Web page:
Every week here at Car News Cafe, we like to look at classic concepts that changed the automotive industry. Today, we’re looking at the most iconic and well-recognized concept of all time, the 1951 LeSabre – also known as the “Experimental Laboratory on Wheels.”
Only one was made and it’s still owned by General Motors, housed in the General Motors Heritage Museum in Michigan. Designed by the renowned Harley Earl, the 1951 LeSabre was the most influential concept vehicle of the 1950s. Like most of Earl’s concepts, the LeSabre was (and is) a road-worthy, fully operational car.
Exterior design elements are very obviously jet-inspired with over-the-top aerodynamic cues from the first- and second-generation jets of the day. From the intake on the nose to the rear jet exhaust design on the deck lid (with working taillights within to give the “red glow” of a jet engine), the LeSabre is a car that looks ready to take flight.
By the time this car was envisioned, tail fins were a common theme on new designs of the day. The 1951 LeSabre, of course, incorporated these in a big way. Many of the exterior elements, however, were new ideas that eventually became the norm; especially on GM vehicles down the road.
The aluminum, magnesium and fiberglass body elements were to later become standard on many vehicles, though not for another two decades. The wrap-around windscreen became a common element of GM designs from that year on, of course, with cars like the ever-classic 1957 Chevrolet Bel Air and others using them to great effect. The front bumper “dagmars” hiding the headlights on the LeSabre were incorporated into the 1957-59 Cadillacs.
The LeSabre even had an innovative water sensor that would automatically activate and close the top when the car became wet.
Under the Skin
Underneath all that bodywork, the 1951 LeSabre was highly innovative for its time. The 215 cubic inch (3.5-liter, 335 bhp) V8 ran on both gasoline and methanol and was an engine taken from the cutting edge of GM’s Indy racing stable at the time.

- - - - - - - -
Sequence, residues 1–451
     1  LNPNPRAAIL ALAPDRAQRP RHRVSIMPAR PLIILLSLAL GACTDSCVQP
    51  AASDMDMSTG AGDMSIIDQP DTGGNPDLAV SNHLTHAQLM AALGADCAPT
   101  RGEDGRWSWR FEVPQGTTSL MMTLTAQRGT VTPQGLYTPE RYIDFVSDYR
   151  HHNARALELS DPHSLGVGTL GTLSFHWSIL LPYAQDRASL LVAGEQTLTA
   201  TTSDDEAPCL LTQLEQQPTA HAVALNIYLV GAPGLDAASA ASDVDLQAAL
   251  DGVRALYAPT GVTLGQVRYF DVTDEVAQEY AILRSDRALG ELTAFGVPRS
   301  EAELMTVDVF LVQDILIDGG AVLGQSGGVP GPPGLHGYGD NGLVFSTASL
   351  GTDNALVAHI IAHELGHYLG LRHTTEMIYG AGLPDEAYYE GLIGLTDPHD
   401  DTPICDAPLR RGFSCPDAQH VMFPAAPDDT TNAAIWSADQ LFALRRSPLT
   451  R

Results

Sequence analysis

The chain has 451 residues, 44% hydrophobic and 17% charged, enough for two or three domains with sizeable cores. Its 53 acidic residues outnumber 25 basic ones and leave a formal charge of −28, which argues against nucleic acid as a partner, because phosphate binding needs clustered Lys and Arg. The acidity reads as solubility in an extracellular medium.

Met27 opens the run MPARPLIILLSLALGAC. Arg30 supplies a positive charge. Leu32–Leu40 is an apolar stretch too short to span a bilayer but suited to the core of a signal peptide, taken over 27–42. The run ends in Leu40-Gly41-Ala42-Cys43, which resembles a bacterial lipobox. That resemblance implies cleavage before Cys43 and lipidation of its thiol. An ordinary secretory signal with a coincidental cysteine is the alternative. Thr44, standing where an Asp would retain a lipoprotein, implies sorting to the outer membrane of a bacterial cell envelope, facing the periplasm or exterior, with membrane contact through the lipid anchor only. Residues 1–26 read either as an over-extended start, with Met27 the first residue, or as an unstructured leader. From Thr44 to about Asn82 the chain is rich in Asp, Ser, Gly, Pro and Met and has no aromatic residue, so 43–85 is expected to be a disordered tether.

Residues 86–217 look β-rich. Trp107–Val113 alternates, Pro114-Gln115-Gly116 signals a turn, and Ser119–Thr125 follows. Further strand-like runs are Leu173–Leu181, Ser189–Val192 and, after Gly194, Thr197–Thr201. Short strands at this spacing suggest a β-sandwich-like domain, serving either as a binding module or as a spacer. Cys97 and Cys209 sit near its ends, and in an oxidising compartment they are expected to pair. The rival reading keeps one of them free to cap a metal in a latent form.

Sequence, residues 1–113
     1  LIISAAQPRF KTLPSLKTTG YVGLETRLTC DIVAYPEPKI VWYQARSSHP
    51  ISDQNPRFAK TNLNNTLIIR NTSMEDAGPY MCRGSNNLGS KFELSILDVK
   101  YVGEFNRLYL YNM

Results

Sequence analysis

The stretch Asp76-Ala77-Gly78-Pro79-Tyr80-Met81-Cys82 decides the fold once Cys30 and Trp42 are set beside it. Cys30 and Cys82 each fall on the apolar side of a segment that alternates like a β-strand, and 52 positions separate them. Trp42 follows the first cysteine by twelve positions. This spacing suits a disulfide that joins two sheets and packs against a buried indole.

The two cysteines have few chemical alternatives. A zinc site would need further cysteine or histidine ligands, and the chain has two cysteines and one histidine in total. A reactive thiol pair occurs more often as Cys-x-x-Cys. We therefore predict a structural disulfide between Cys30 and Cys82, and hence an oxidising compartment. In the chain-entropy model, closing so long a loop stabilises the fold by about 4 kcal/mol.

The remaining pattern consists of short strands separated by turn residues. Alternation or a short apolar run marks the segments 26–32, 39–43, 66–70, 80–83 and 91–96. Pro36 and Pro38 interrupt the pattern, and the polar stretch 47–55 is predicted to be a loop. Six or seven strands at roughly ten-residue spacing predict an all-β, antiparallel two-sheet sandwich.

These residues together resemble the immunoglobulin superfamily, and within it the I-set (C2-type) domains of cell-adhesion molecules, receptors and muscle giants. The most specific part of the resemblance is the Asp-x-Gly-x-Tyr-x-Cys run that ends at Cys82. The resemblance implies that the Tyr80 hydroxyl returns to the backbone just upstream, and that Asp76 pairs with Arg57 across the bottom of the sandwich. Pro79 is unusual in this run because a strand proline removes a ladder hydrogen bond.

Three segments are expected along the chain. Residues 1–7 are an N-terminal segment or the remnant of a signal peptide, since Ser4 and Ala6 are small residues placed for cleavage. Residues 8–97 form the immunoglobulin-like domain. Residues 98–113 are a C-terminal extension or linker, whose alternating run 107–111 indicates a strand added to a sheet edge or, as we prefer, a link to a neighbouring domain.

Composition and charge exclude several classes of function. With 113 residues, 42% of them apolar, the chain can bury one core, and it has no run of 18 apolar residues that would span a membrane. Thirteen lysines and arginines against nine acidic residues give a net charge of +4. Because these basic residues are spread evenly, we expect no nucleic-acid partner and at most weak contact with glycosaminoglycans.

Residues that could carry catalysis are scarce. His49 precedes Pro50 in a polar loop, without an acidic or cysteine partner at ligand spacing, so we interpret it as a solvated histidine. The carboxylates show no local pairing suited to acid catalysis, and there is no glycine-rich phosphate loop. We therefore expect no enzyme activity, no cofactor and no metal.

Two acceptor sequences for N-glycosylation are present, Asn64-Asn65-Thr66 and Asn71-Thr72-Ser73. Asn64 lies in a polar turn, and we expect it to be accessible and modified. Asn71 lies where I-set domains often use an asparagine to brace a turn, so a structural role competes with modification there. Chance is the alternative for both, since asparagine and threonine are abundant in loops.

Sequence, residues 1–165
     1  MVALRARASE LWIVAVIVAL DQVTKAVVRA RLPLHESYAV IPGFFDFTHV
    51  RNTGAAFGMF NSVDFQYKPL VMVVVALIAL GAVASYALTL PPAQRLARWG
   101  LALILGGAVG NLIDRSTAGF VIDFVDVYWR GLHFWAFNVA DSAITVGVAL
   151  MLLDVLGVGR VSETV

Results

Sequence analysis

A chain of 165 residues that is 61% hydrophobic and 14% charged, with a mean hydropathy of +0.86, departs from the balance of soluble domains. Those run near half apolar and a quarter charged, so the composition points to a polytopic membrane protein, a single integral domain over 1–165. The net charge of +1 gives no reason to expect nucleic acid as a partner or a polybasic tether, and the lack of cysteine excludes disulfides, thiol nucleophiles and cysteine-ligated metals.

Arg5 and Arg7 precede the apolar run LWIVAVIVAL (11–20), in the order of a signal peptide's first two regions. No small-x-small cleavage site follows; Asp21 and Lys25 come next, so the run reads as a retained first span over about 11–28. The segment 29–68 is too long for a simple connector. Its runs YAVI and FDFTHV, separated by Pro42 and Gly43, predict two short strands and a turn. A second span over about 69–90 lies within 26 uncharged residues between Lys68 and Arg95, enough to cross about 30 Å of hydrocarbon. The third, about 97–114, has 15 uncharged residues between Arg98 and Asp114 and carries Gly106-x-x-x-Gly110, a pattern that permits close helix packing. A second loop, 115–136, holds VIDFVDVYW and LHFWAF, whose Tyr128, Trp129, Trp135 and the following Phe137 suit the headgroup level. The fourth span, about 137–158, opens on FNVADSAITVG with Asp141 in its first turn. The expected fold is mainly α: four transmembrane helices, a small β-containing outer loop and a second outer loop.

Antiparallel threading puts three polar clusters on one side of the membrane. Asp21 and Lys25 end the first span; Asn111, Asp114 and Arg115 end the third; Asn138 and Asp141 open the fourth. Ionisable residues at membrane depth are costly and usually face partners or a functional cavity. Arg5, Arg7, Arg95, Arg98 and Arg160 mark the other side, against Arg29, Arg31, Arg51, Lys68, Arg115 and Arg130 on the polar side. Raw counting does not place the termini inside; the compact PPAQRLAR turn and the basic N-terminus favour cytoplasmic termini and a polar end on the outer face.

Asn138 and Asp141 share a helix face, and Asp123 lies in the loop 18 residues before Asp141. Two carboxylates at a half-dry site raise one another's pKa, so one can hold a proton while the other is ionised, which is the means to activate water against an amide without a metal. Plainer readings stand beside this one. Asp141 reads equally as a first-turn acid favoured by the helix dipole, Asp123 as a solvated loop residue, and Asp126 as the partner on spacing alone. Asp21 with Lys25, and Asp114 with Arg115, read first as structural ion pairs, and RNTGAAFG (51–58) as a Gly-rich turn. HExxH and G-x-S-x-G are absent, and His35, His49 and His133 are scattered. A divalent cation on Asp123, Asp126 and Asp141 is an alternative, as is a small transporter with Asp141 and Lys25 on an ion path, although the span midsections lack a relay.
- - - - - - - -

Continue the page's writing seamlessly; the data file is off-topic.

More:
The engine was also an aluminum block and was the first use of an aluminum V8 215. This would appear in several production vehicles in the GM lineup, including the Buick Skylark, Oldsmobile Cutlass F-85, and a few British vehicles like the Land Rover and Triumph.
The LeSabre concept was also unusual in that while the engine was up front, the transmission was in the rear. The rear-mounted Buick Dynaflow automated transmission was later swapped for a GM Hydramatic, which also showed up in the production Pontiac Tempest soon after. This meant a smaller “tunnel” down the center of the car, since the transmission didn’t have to be accommodated within passenger compartment space, instead taking up room in the trunk.
The 1951 LeSabre was also a 12-volt design in its electrical system at a time when 6v was the most common. This allowed Earl to include heated seats, more powerful electric headlamps, and electric lifting jacks to aid tire changes – an idea adopted by Formula One teams decades later.
Finally, even the concept’s name, LeSabre, would be adopted eight years later in the long-running Buick LeSabre line of production sedans. This has often led to the concept itself being wrongly-marked the “1951 Buick LeSabre Concept”. Officially and in all GM accounts, including introductions and presentations by Harley Earl, the car is a 1951 LeSabre from GM without the Buick name.
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